Feline Mast Cell Tumors

When your best friend is your cat, you may find yourself at some point concerned with feline mast cell tumors. This medical condition is a form of skin cancer that is common in cats and dogs as well. There are several different methods that you can employ to control the symptoms of these tumors so that your pet can continue to lead a normal life.

There are some symptoms to take note of in the appearance of your cat, including hairless lumps on the skin that are white or pink in color. These can be very small, but sometimes you can feel them by ruffling your cat’s fur backwards. If you do find a small bump, make a note of the location. Being small, they can be hard to find later.

The head and neck area are the most common places to experience feline mast cell tumors in cats. You may also notice that your cat is demonstrating signs of depression, vomiting, anorexia and even some weight loss. Should you notice any of these symptoms in your pet you should take them to their regular veterinarian for diagnosis.

This cat's ear pinna was removed due to mast cell tumors

For proper diagnosis you will see that the vet will administer a blood test to check the overall health of your can, and a buffy coat sear test will be taken to analyze the circulation of the tumor. Your veterinarian should also check the animal’s lymph nodes for signs that cancer has spread to areas like the spleen and liver as well. Lung function will be assessed for any kind of fluid accumulation that might occur as well. Each of these tests is completed in order to determine how the feline mast cell tumors developed and the severity of the problem.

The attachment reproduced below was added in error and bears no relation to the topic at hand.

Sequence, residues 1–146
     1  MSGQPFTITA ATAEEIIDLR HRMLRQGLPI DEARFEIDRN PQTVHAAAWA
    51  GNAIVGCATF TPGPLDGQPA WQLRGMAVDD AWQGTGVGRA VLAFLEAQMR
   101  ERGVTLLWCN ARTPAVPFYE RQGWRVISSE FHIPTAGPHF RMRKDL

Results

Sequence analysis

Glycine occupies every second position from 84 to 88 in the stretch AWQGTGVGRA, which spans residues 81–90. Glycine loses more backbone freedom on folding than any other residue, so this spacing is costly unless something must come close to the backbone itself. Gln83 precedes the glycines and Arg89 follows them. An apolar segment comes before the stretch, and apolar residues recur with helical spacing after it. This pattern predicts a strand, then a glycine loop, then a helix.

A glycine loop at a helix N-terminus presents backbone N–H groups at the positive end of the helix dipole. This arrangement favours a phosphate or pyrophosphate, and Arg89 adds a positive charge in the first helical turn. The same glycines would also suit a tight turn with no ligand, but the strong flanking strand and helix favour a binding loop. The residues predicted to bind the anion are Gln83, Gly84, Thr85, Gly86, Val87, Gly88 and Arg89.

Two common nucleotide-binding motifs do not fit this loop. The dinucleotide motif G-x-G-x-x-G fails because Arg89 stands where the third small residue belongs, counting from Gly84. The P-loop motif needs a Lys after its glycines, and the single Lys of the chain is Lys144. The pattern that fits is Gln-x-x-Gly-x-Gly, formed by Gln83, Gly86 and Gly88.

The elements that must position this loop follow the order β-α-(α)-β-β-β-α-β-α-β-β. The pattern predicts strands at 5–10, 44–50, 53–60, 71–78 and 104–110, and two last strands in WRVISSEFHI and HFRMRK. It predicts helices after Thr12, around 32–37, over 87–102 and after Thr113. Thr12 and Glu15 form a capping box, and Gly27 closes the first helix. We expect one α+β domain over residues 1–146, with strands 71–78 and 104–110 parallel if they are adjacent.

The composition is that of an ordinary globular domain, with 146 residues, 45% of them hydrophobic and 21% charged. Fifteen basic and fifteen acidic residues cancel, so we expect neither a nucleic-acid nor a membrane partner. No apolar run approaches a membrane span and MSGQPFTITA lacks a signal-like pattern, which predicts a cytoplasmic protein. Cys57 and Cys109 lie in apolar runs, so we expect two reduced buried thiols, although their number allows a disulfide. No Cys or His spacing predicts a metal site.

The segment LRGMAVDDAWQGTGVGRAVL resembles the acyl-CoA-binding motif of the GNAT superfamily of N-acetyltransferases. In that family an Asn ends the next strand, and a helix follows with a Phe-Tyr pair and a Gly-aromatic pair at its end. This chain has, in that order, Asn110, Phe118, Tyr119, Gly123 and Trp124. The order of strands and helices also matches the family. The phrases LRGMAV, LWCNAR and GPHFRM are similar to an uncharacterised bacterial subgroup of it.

Should you discover that your cat does have feline mast cell tumors there is an option to help your cat lead a little more normal life so that the cancer does not spread. Surgery is a common form of treatment for cats that have developed tumors, however this is a serious procedure and could mean your cat is at the vet’s for a few days under observation. Should surgery be a direction that you prefer to shy away from, there are plenty of pet owners who will merely monitor their pets just to make certain that their tumor does not become malignant.

If your cat has been diagnosed with a feline mast cell tumor, this is not a reason to abandon your pet or assume that there is no other way of helping. Many times cats will live long and healthy lives after diagnosis and with close observation by a veterinarian and you as the owner.

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